Completion of Work Products
  • Milestone: The date on which the work product is to be completed
  • It must first pass reviews performed by
    • Fellow team members
    • Management
    • The client
  • Once the work product has been reviewed and agreed upon, it becomes a baseline
work package
Work Package
  • Work product, plus
    • Staffing requirements
    • Duration
    • Resources
    • The name of the responsible individual
    • Acceptance criteria for the work product
    • The detailed budget as a function of time, allocated to
      • Project functions
      • Activities
9 4 software project management plan framework
9.4 Software Project Management Plan Framework
  • There are many ways to construct an SPMP
  • One of the best is IEEE Standard 1058.1
    • The standard is widely accepted
    • It is designed for use with all types of software products
    • It supports process improvement
      • Many sections reflect CMM key process areas
    • It is ideal for the Unified Process
      • There are sections for requirements control and risk management
software project management plan framework contd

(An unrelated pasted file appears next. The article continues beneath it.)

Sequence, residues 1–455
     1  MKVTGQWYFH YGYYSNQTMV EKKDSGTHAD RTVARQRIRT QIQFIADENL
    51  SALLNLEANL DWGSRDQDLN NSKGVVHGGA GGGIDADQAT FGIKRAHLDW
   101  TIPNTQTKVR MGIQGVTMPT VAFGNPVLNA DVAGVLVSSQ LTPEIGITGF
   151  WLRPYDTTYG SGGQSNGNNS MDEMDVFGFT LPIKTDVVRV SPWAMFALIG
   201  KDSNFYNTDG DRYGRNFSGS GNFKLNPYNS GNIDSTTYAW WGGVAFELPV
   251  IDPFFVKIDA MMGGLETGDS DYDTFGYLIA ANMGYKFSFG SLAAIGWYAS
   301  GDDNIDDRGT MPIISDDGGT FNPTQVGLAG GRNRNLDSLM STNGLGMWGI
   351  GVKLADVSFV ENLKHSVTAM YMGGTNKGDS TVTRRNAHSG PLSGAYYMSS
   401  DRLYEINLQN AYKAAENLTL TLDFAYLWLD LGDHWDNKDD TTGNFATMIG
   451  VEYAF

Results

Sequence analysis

Software Project Management Plan Framework (contd)
  • Some of the sections are inapplicable to small-scale software
    • Example: Subcontractor management plan
9 6 planning testing
9.6 Planning Testing
  • The SPMP must explicitly state what testing is to be done
  • Traceability is essential
  • All black box test cases must be drawn up as soon as possible after the specifications are complete
9 7 planning object oriented projects
9.7 Planning Object-Oriented Projects
  • An object-oriented product consists of largely independent pieces
  • Consequently, planning is somewhat easier
  • The whole is more than the sum of its parts
  • We can use COCOMO II (or modify Intermediate COCOMO estimators)
planning of object oriented projects contd
Planning of Object-Oriented Projects (contd)
  • However, reuse induces errors in cost and duration estimates
    • Reuse of existing components during development
    • Production of components for future reuse
  • These work in opposite directions
  • Newer data: The savings outweigh the costs
9 8 training requirements
9.8 Training Requirements